Whether it’s chewing the ear off Evander Holyfield, having his famous ex rebound with a pre-fame Brad Pitt, or punching out Zach Galifianakis in The Hangover, the zany career of former heavyweight boxing champion Mike Tyson has taken him to some pretty bizarre places. Mike Tyson Mysteries, a new cartoon series airing this fall, might be the weirdest.
On the show, Tyson is recast as a kinder, gentler, and funnier version of himself—only this time, he’s a detective tasked with solving mysteries. He’s joined on his quests by Yung Hee, an adopted Korean teenage daughter (Rachel Ramras), who acts as the brains of the bunch, i.e. Velma; the ghost of the Marquess of Queensbury (Community’s Jim Rash), a 19th-century nobleman who developed the rules of boxing; and last but not least, a foul-mouthed, alcoholic talking pigeon (voiced by Norm Macdonald). Tyson is, of course, a fan of our feathered friends, owning an army of 2,000 pigeons.
Mike Tyson Mysteries was Tyson’s idea. The 48-year-old ex-pugilist with the unfortunate face tattoo grew up on Hanna-Barbera cartoons and kung-fu flicks, and the wacky show is being billed as a cross between Scooby Doo and The A-Team, though Ramras says it more closely resembles a Brady Bunch-style sitcom rather than Saturday morning cartoons.
The episodes revolve around solving mysteries (or not) brought in by Tyson’s fleet of carrier pigeons. In one episode, Yung Hee is kidnapped by ruthless gangsters because of the pigeon’s gambling debts. Another sees the gang help author Cormack McCarthy—a play on the author of The Road, Blood Meridian, and countless other novels—finish a novel after the author is struck by a crippling case of writer’s block. And yet another sees Tyson pay a visit to IBM, only to find the man who enlisted his help trapped inside a computer.
“We kind of had to work hard to make those crazy elements seem grounded,” says writer and executive producer Hugh Davidson (Robot Chicken).
And the first footage of the series, which debuted at San Diego Comic-Con, looks hilarious—so much so that Tyson and co. received one of the longer standing ovations of the weekend.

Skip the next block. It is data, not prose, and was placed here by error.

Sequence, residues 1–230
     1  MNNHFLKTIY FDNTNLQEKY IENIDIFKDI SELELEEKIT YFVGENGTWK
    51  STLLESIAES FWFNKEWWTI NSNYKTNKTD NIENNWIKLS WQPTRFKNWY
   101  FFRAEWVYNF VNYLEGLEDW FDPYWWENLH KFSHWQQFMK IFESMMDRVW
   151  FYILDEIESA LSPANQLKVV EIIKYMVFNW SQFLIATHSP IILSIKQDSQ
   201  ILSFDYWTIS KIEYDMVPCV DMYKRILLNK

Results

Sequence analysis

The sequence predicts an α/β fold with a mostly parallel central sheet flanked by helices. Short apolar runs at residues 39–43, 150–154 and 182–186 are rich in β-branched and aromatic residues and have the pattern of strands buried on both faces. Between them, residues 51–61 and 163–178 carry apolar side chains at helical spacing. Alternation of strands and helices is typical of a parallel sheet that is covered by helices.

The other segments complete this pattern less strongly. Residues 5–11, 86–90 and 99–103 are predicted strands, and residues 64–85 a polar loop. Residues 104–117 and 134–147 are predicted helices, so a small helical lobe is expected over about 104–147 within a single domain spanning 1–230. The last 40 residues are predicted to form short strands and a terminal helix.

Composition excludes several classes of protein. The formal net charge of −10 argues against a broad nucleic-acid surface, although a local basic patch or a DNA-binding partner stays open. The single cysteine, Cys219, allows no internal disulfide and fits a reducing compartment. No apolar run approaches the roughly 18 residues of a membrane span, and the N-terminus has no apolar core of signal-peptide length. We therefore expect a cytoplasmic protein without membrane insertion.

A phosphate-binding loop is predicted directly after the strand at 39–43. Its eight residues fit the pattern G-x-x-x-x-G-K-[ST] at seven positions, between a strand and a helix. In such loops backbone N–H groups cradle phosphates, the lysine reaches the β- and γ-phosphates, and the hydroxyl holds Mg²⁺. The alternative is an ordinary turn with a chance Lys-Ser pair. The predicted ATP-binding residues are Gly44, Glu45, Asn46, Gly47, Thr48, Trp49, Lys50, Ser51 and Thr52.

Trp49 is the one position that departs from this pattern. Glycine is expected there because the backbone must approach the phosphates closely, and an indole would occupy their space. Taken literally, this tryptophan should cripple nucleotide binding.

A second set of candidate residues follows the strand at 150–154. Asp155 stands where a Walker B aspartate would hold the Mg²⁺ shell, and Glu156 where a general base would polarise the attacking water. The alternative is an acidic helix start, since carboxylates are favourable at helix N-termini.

Despite Tyson’s volatile nature and checkered past—he is, after all, a convicted rapist posing as a cartoon detective, which brings a whole new meaning to the word “irony”—Davidson says he’s enjoying working with Tyson.
“As he says himself, he’s half-crazy, but Norm Macdonald is, too,” Davidson told The Daily Beast. “They’re unpredictable people. With Mike, you never know. It’s like poking the tiger. At some point, every once in a while, the tiger reminds you that he could take a bite out of you, so in the show we try to hold on to that. You never know…someone could say the wrong thing. He could get pissed off, and you never know what could happen. We want that to be in the show, so that the show feels a little dangerous—which I think adds to the comedy.”
As for Tyson, whose furious anger helped make him one of the most feared boxers in the history of the sport, he’s grateful for this career about-face.
“I’m glad I don’t have to punch people no more,” says Tyson. “God, that was stressful, You knock the guy out, you’re so geeked up, you hit somebody else, you’ve got an officer involved and the next thing you know you’ve got a lawyer, you’ve got a jury,” he says, addressing his past sins.
Mike Tyson Mysteries is also another footnote in one of the unlikeliest second acts in history. For years, he was known as a convicted rapist/ear-biter, but now, he’s spun his notorious image into Hollywood roles (see: The Hangover films), a one-man Broadway show, and this, a cartoon series.
“Mike has had a life that’s had a lot of ups and downs, and now he’s wanting to solve mysteries to help people, like a person that wants to give back,” explains Davidson. “The ghost is there to help him do the right thing. He’s there to guide him on a spiritual path, on a redemptive path.”
“I don’t believe in rehabilitation, but in change,” adds Tyson. “I want to be the best at everything I do.”